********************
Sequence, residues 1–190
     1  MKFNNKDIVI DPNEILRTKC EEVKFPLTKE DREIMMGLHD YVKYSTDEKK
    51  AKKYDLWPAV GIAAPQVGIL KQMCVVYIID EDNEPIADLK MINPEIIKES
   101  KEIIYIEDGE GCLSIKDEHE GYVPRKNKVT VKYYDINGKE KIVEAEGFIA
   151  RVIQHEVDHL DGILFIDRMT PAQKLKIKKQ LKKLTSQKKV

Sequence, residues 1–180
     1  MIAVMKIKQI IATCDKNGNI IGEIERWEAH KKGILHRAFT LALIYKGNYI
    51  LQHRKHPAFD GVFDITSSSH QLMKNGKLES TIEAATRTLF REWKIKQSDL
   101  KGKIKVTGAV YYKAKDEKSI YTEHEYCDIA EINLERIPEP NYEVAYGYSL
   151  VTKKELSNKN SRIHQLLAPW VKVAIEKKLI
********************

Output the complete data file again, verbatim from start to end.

Sequence, residues 1–190
     1  MKFNNKDIVI DPNEILRTKC EEVKFPLTKE DREIMMGLHD YVKYSTDEKK
    51  AKKYDLWPAV GIAAPQVGIL KQMCVVYIID EDNEPIADLK MINPEIIKES
   101  KEIIYIEDGE GCLSIKDEHE GYVPRKNKVT VKYYDINGKE KIVEAEGFIA
   151  RVIQHEVDHL DGILFIDRMT PAQKLKIKKQ LKKLTSQKKV

Sequence, residues 1–180
     1  MIAVMKIKQI IATCDKNGNI IGEIERWEAH KKGILHRAFT LALIYKGNYI
    51  LQHRKHPAFD GVFDITSSSH QLMKNGKLES TIEAATRTLF REWKIKQSDL
   101  KGKIKVTGAV YYKAKDEKSI YTEHEYCDIA EINLERIPEP NYEVAYGYSL
   151  VTKKELSNKN SRIHQLLAPW VKVAIEKKLI